Ray Charles (Sept. 23, 1930 - June 10, 2004)
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Born in Albany, Georgia, he was blinded by glaucoma by the time he was 7 years old.
His full name: Ray Charles Robinson - friends called him "RC." He dropped the "Robinson" so he wouldn't be confused with the famous boxer Ray Robinson.
When Ray was 4, his younger brother George fell into a wash basin and drowned before Ray could get his mother for help. When Ray was 10, his father died.
He went to a state school for the blind in St. Augustine, Florida. He became a professional musician after leaving there in 1945, after the death of his mother. A piece of advice that Ray's mother gave to him: "You're blind, not stupid."
Immediately after dropping out of school, RC worked around Florida - one of the groups with whom he worked was a white hillbilly group, the Florida Playboys. He learned to yodel from them.
He moved to Seattle because it was the farthest he could get from Florida. Jack Lauderdale, one of the first black record label owners, signed "RC" to the Downbeat label, for whom Charles had his first hit in 1949, "Confession Blues." The recording session for "Confession Blues" was noteworthy for another reason - Charles recorded it while there was a musicians' strike. The union fined him $600 - his life savings at that point - for the infraction.
Charles' recording contract was sold to Atlantic Records in 1952, shortly after he moved to LA.
He formed his own band in 1954, hitting regularly on the R&B charts with "It Should Have Been Me" (1954), "I Got a Woman" (1955), "This Little Girl of Mine" (1955), "Hallelujah I Love Her So" (1956 - a rewrite of Dorothy Love Coates' "Hallelujah I Love Him So"), "Lonely Avenue" (1956 -- written by Doc Pomus, who later wrote hits for the Drifters and Elvis Presley), and "(Night Time Is) The Right Time" (1959).
Charles' first Top 40 hit was released in 1957: "Swanee River Rock (Talkin' 'Bout That River)," an update of Stephen Foster's "Old Folks at Home," reached #34.
His first ABC-Paramount single, "Sticks and Stones," matched "I'm Movin' On"'s #40 peak in late 1959. His second was his #1 version of Frankie Trumbauer's "Georgia on My Mind," which added strings to his big band sound.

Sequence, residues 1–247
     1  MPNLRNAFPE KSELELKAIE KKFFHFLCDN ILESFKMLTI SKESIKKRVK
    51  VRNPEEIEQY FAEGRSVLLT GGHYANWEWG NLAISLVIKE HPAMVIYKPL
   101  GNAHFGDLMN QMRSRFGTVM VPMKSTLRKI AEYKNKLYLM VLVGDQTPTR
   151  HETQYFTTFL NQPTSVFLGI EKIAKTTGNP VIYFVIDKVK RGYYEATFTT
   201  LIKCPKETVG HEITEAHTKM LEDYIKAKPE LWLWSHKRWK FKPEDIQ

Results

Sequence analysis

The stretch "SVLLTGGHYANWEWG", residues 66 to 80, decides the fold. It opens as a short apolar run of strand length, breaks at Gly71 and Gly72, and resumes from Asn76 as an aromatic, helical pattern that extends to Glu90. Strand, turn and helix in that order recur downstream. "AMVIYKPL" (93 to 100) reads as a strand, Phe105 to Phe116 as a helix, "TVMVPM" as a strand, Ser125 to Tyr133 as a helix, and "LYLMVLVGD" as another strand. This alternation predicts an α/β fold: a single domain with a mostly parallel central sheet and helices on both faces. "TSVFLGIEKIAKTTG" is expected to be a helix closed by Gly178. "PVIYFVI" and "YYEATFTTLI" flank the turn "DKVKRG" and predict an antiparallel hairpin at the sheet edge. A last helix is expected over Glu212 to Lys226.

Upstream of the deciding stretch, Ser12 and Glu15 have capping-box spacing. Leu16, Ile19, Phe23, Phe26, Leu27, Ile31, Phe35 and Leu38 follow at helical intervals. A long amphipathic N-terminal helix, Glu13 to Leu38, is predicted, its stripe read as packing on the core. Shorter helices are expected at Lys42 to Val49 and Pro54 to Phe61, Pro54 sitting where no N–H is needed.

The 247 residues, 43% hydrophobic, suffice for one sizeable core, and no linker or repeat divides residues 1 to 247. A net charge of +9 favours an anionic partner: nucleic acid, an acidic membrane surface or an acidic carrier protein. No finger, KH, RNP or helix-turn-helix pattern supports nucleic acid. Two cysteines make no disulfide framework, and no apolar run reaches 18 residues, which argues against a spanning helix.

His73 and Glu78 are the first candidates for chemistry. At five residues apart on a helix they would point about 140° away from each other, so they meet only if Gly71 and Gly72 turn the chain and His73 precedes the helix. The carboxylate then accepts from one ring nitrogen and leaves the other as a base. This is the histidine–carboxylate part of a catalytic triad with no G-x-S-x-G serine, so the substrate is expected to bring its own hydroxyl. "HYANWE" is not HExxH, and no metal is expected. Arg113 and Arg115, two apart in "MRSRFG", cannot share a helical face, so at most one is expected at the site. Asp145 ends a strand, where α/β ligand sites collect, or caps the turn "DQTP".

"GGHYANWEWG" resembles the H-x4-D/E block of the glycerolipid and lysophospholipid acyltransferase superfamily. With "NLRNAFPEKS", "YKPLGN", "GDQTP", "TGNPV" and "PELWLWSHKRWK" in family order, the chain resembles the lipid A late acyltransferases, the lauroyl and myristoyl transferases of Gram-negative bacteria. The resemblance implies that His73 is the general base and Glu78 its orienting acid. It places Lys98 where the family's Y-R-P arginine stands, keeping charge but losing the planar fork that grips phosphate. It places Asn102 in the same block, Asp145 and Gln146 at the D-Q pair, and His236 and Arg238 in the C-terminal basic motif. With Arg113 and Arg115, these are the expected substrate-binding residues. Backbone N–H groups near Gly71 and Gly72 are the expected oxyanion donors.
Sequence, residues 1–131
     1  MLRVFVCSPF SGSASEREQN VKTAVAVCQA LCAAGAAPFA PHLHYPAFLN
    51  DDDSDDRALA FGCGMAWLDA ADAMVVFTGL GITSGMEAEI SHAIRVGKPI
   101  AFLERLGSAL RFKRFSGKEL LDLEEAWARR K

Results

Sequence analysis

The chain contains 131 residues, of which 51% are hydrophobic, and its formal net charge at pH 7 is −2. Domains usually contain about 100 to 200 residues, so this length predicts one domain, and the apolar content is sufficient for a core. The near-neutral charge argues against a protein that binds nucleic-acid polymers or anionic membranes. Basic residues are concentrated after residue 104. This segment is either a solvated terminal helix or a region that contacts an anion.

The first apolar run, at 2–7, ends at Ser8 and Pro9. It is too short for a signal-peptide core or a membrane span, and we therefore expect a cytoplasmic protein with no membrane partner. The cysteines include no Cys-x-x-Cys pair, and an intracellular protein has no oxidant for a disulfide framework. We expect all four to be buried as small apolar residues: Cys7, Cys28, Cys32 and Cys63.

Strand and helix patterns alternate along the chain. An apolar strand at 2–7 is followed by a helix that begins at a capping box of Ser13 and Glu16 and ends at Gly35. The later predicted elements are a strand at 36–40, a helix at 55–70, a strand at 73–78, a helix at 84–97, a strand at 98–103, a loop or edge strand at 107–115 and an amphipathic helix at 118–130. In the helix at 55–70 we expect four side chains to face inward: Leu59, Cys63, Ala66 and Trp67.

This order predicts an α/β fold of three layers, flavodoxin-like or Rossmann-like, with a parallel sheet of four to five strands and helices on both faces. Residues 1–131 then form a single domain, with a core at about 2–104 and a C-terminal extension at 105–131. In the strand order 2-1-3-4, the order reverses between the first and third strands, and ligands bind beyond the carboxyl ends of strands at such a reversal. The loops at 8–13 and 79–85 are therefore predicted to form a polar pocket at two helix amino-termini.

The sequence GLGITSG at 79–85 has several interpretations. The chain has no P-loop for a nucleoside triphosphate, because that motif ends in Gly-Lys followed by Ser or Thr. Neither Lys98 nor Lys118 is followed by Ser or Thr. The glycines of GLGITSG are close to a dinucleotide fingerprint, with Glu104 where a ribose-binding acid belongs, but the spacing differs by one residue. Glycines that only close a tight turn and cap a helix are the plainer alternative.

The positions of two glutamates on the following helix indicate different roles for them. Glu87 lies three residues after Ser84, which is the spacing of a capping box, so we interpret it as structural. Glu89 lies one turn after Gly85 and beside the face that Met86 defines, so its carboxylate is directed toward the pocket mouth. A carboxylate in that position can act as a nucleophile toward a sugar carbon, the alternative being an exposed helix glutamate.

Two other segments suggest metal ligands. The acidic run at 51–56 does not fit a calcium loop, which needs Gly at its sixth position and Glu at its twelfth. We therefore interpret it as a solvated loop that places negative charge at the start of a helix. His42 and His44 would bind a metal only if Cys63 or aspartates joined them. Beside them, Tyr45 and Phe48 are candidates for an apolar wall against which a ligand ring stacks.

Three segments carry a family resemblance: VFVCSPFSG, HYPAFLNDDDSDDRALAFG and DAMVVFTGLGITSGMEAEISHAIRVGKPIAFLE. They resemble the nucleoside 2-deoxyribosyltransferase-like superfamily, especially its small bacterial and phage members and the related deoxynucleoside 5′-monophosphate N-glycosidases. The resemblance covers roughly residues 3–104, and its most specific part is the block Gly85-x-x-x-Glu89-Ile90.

After several more hits, Charles recorded two landmark LPs, both named Modern Sounds In Country And Western Music, after he listened to over 150 candidates for inclusion. Volume 1 - released in 1962 - yielded the #1 hit (and Grammy-winning) "I Can't Stop Loving You" and #2 "You Don't Know Me" (with "Born to Lose" on the B-side); 1963's Volume 2 had #7 "You Are My Sunshine" (with #29 "Your Cheating Heart" as the B-side of the single) and #8 "Take These Chains From My Heart."
After moving to ABC, RC has relied much more on other people's material than his own songwriting ability. The hits continued in the latter part of 1963 and 1964: "No One" hit #21 while the B-side, a remake of Clyde McPhatter's "Without Love (There Is Nothing)," reached #29; Charles' cover of Johnny Cash's "Busted" went to #4; his version of Frankie Laine's #1 hit "That Lucky Old Sun" went to #20; and RC's followup to that success, the #38 "My Heart Cries for You" was a cover of a song that had 8 different Top 30 versions in 1951.
In 1964 Charles was arrested at Logan International Airport (Boston) -- his third heroin bust (Philadelphia 1958, Indianapolis 1961). The trial didn't happen until a year after the arrest, and sentencing was delayed another year to see if RC really kicked his longtime habit. As a result there were no new RC recordings (and no Top 40 Hits) and no touring for a year and a half.
Charles returned to the Top 10 for the last time in early 1966 with a #6 cover of a Buck Owens song, "Crying Time." Afterwards the hits were getting smaller: #19 "Together Again" (another Buck Owens song), #31 "Let's Go Get Stoned (written by Ashford and Simpson), and #32 "I Choose to Sing the Blues" (co-written by Charles) in 1966; and #15 "Here We Go Again" and #33 "In the Heat of the Night" (from the film of the same name) in 1967 -- followed by covers of two Beatles songs, "Yesterday" (#25 in 1967) and "Eleanor Rigby" (#35 in 1968).
In the 14 years after moving from Atlantic Records in 1959, Ray released albums on ABC Records, but the labels kept changing: ABC-Paramount (1959-66), Impulse (1961 instrumentals), ABC (1966), ABP/TRC (Charles' personal label, and Tangerine Recording Company, 1967-73). In 1973, he established Crossover Records, distributed by Atlantic.
In 1971, RC had a pair of #36 hits, "Don't Change on Me" and "Booty Butt," the latter being an instrumental credited to the Ray Charles Orchestra. He had no more top 40 hits until 1989, when he collaborated with Quincy Jones and Chaka Khan on a #18 remake of the Johnson Brothers hit "I'll Be Good to You" (the original hit #3 in 1976).
Frank Sinatra claimed that Ray Charles was "the only genius in the business." RC replied, "Art Tatum -- he was a genius. And Einstein, not me."
When asked in an interview, "Do you think there is any element in your style that is essential to your continued popularity?" RC replied, "Me."
Ray had a small role in the 1980 movie The Blues Brothers. He played the blind owner of a used music instrument store (typecasting?) and sang "Shake A Tail Feather." (thanks, Jesse - Mesa, AZ)
Ray Charles started playing the piano at the age of three. "I was born with music inside me," he said. "And from the moment I learned there were piano keys to be mashed, I started mashing 'em, trying to make sounds out of feelings."
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